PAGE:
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I have set this up so I can test sites and let my client see them, the thing is I am worried about potential security to my local machine.

I port forwarded port 80. What's the risk if any?

Thanks,

R.

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Not a good question really. Your local PC can have any risk same as any other internet server can have. –  Sheen Oct 27 '10 at 14:36

1 Answer 1

First, know that no matter what you do, there are always risks, so you should instead be thinking about mitigating these risks. Some of the main attack points you should consider:

  • dyndns - how strong is your password, and do you login via https? If your account here is compromised someone can hijack your clients.
  • router - can your router be compromised, allowing unwanted traffic on your local network? For this, if you're using a commercial router (rather than a computer hooked directly up to the WAN, which I would recommend against), then make sure to keep it updated with the latest firmware.
  • operating system - your OS may have vulnerabilities. It's good that you're only accepting traffic on port 80, but still keep it patched and keep an eye on vulnerabilities as they are discovered.
  • web server - this is a big one, as it's responsible for handling the incoming requests. Exploiting a vulnerability here can allow someone to take over your computer. Consider locking down access here by using http auth. It won't prevent people who really want to get through, but it will block search engines and many script kiddies, in case you have an issue with the app itself.
  • web app - I won't mention common attacks here (sql injection, xss, csrf, ...) because that would take up a book, but remember that if other people than your clients see your app, you may be exposing data you intended to be private, and depending on what your app does / how it's coded / what platform it runs on, you could be exposing your computer to some royal pwnage. Locking it down behind a firewall (router) and simple auth is a good start, and probably enough for your needs, but keep an eye on your access and system logs, and change the http auth passwords regularly (since you're giving them to clients).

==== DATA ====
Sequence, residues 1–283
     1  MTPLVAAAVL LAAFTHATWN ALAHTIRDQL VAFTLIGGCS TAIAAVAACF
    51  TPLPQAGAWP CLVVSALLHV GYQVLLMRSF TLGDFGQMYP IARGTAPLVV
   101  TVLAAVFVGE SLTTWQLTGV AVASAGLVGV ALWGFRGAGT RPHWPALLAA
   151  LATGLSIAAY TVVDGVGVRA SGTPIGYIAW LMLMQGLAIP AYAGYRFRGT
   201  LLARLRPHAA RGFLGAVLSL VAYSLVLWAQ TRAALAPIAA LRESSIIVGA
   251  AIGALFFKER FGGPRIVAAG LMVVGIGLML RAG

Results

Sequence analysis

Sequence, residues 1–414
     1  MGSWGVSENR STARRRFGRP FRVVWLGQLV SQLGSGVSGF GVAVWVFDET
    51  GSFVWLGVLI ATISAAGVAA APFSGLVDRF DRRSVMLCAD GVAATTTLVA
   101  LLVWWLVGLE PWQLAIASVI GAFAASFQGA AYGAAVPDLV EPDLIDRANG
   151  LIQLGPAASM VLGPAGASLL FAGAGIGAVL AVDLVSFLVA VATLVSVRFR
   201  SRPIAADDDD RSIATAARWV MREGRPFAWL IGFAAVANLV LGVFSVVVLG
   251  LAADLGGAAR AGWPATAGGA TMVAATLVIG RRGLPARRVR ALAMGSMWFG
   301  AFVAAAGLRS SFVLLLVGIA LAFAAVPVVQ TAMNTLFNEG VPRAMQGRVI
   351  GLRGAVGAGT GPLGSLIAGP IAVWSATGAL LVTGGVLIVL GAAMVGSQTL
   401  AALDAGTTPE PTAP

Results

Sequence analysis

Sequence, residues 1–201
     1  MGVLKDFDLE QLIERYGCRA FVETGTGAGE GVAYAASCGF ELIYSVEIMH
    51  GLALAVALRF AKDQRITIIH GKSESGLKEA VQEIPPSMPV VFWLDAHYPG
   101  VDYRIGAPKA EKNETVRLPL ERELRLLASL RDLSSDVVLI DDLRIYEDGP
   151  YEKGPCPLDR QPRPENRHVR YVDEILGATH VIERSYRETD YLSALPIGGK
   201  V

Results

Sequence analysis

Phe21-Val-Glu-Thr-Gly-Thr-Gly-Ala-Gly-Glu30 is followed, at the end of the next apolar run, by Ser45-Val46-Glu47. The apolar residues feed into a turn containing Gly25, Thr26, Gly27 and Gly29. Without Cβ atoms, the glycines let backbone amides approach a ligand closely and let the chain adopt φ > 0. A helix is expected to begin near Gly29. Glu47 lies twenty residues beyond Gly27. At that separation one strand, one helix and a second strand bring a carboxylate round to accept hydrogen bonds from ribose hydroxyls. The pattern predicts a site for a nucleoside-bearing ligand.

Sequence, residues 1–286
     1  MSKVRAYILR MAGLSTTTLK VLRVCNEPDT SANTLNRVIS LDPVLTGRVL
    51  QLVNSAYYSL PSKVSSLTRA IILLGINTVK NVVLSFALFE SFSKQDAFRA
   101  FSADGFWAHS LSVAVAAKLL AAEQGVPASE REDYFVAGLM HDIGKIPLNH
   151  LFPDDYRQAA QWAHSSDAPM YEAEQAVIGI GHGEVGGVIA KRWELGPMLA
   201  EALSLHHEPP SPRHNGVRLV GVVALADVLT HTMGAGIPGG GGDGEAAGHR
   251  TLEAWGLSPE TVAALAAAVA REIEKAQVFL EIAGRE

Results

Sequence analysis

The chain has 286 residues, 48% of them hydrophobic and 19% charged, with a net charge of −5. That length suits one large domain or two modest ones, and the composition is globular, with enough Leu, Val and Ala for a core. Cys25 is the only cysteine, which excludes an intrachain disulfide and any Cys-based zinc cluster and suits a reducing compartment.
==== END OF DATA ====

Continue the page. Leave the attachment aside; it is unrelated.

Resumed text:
• (these just scratch the surface, as I'm sure you can point out many other attack vectors as well)

Other Ideas:

  • only bring up the site for demos, and use different auth credentials for each demo. This way you don't have to care much about the password security, and you mitigate the risk of being attacked when don't expect it. (so shut off the forwarding when you're not giving a demo)
  • get a cheap rackspace,ec2,linode or a free heroku test account for these demos. You still have to worry about security of the server and your apps, but if they are compromised you're not going to lose the personal data on your home computer.
  • similar to the point above, if you must run on your home network, consider getting a cheap linux box just for hosting your sites, and put this on a separate network partition from your personal computers.
  • ssl certs are always a good idea if your app is sending/receiving confidential data.
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good and copmrehesive answer, thanks. –  roscoeh Oct 27 '10 at 14:57
    
actually what about security to my local machine? –  roscoeh Oct 27 '10 at 15:01
    
@roscoeh, security to your local machine (so once a request has made it past the router) is encapsulated by security at the OS level (networking, sockets, drivers used by the software), and at the software level (web server, app server, 3rd party libs, etc.) –  Ben Taitelbaum Oct 27 '10 at 16:15

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